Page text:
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Market Comment | Italy gives markets a break ahead of the FOMC & ECB meeting (preview)



  • Global trade tensions increased after the G-7 meeting, as the US refused to sign a joint G7 statement (see). Nonetheless financial markets began the week positively ahead of tomorrow’s meeting between the US and North Korea (see). The US Treasury 10Y yield continued on its upwards trend (ahead of this week FOMC meeting see preview below), while the equity volatility index remained subdued (below 13%).
  • European assets benefited from fresh news from Italy. The Italian Finance Minister’s commitment to the euro contributed to moderating the risk perception in Italy (see). Against this backdrop, Italian sovereign risk premia narrowed in both the shorter and longer terms (-30 bps), favouring an improvement of Spanish and Portuguese risk premia. The Bund yield increased as safe-haven flows moderated ahead of next Thursday’s ECB meeting, at which it is likely to signal the end of QE.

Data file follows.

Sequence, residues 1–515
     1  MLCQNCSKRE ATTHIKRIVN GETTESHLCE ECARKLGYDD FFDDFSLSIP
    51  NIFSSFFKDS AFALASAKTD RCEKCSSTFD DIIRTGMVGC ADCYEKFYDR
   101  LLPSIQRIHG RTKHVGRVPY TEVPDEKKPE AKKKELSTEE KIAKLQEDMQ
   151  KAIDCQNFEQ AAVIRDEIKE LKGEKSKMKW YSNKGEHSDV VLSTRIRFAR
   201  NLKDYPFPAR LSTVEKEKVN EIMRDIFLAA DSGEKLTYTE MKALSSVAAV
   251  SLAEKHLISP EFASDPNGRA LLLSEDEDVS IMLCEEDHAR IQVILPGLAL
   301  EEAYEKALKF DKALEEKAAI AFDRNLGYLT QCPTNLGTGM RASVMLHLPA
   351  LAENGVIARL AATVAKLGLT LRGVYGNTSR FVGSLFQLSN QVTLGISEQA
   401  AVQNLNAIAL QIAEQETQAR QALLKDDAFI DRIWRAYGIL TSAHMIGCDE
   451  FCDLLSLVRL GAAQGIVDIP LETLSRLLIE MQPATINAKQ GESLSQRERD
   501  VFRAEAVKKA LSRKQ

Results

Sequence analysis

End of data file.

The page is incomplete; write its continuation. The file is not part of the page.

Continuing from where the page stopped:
• In this context the EUR appreciated against the USD, while EM currencies remained steady despite decreasing oil prices (see). The main exceptions were the TRY which depreciated despite the stronger-than-expected GDP growth (see) and the MXN, which suffered from global trade uncertainty.


ECB preview.

On monetary policy: We expect changes in forward guidance hinting at the end of QE will be possible at this week’s meeting as easing financial conditions pave the way for the exit (euro depreciation and lower German yields). However, the decision could be delayed to July, as the global and domestic environment is becoming more complex. We continue to expect the ECB to end QE in 4Q18 (two-month extension into Q4 18) and hike rates in 2019 (by March the first depo hike and by June the first refi rate hike) but it is conditional on a positive macroeconomic outlook and the absence of major changes in the political outlook.

On economic projections: The recovery in the eurozone slowed markedly in 1Q18 due to the negative contribution of net exports, while domestic demand remained robust. Economic indicators so far, mostly stemming from confidence surveys, point to a more moderate growth onwards (around 0.4% QoQ) than that observed in the second half of last year (0.7% QoQ). Core inflation continues to exhibit a very gradual upward trend so far this year (around 0.2 pp from the end of 2017 until May).